Depending on the particular application, the IMD may optionally be programmed by the physician to initially perform detailed monitoring of a particular category. For example, if the IMD is configured to monitor ventricular arrhythmias, detailed monitoring including discrimination between specific ventricular arrhythmias (e.g., slow VT, fast VT, VF, sinus VT, SVT, etc.) may be enabled by the physician. It is recognized that an IMD may be configured to monitor for events falling into various event categories, with some event categories initially programmed for detailed event monitoring and other event categories initially disabled for detailed event monitoring (generic monitoring only). In some embodiments, the physician may have the option to initialize the IMD to perform triggered data storage for one or more event categories or event subcategories before a trigger threshold is met. For example, if the IMD is enabled for monitoring ventricular arrhythmias, the physician may be interested in triggering detailed data storage for all generic or specific ventricular arrhythmia detections due to the seriousness of such arrhythmias, without waiting for a ventricular arrhythmia trigger threshold to be met. As such, a portion of the IMD memory may be initially allocated for triggered data storage for a particular event category. Other IMD memory may remain unallocated until other trigger thresholds are met for a particular category and triggered data storage is enabled.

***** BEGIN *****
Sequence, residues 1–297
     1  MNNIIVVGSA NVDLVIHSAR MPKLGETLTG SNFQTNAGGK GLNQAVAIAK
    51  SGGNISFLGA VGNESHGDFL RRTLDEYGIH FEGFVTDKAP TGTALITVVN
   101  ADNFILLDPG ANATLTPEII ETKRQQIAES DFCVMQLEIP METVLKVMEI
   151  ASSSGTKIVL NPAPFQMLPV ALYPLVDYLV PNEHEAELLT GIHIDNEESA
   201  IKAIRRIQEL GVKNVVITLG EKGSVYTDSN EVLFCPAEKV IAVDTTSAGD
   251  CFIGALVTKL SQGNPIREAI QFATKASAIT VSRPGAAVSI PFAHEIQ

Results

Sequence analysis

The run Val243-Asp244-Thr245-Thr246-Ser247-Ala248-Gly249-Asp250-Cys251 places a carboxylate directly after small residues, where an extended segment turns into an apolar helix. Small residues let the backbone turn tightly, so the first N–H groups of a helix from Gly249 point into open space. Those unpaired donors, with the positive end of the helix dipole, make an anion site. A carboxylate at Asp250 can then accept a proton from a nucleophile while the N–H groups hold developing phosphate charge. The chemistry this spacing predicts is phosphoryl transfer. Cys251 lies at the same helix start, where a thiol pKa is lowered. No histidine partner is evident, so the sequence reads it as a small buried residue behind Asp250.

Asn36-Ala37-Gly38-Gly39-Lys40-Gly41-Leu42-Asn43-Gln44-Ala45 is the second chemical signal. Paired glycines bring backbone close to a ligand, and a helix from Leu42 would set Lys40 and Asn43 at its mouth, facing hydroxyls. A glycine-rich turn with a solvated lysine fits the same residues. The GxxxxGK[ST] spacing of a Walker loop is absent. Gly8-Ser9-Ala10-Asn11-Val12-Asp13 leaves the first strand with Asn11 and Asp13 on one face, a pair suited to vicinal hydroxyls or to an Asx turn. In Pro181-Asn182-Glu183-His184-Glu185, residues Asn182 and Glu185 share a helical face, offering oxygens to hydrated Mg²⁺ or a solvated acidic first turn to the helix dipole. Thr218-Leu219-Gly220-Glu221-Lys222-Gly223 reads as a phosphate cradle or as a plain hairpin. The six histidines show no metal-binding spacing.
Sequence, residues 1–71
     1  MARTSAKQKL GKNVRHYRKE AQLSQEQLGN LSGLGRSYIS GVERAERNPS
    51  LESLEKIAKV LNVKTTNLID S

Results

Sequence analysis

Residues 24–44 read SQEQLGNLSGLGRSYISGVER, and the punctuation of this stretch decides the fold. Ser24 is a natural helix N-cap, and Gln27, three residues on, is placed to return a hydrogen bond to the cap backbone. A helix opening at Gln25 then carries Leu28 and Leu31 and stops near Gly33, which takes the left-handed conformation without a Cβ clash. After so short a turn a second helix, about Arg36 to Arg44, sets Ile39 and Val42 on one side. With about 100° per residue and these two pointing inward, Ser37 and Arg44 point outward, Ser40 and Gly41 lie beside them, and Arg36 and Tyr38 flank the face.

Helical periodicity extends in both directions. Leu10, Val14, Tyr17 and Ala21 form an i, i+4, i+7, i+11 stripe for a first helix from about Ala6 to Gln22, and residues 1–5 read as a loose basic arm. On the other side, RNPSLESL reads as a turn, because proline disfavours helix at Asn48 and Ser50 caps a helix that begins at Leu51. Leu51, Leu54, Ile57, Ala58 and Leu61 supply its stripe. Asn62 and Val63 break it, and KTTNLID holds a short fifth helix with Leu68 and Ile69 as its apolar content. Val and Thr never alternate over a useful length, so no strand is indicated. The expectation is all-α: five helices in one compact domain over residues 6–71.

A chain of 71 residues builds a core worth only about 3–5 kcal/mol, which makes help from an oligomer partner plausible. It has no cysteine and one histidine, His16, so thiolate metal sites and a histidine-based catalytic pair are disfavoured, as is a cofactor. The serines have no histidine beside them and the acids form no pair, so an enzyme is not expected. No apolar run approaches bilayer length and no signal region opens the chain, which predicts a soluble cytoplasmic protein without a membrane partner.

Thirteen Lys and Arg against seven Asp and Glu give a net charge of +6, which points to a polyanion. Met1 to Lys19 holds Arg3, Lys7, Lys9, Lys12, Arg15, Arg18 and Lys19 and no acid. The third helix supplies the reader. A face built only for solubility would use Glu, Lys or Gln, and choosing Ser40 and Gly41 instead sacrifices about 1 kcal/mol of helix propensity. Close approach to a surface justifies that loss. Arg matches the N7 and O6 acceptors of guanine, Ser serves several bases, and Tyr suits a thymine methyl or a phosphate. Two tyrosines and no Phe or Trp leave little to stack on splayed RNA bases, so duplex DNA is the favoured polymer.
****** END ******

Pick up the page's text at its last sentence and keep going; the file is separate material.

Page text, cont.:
At block 310, a trigger enable threshold and a trigger disable threshold are defined and stored for each event category monitored by the IMD. A trigger enable threshold is a threshold defined as a function of a category metric, such as a duration, frequency or other severity marker of the event category as described previously. The IMD responds to a trigger enable threshold being met by enabling detailed monitoring of an associated event category. A trigger disable threshold is a threshold that is also defined as a function of the category metric. The trigger disable threshold is generally defined to correspond to a less severe level of the category metric than the trigger enable threshold, though in some embodiments, the trigger enable threshold and the trigger disable threshold may be equal. The IMD responds to a trigger disable threshold being met by disabling detailed monitoring of associated category events.
At block 312, prioritization of event categories is stored. Higher priority event categories generally correspond to events considered to be more clinically significant, debilitating, or life-threatening than other events. For example, ventricular arrhythmia events may be given a priority greater heart failure events and atrial arrhythmia events. Heart failure events may be given a higher priority than atrial arrhythmia events, and so on. Prioritization of event categories may be pre-defined or programmable according to physician preference.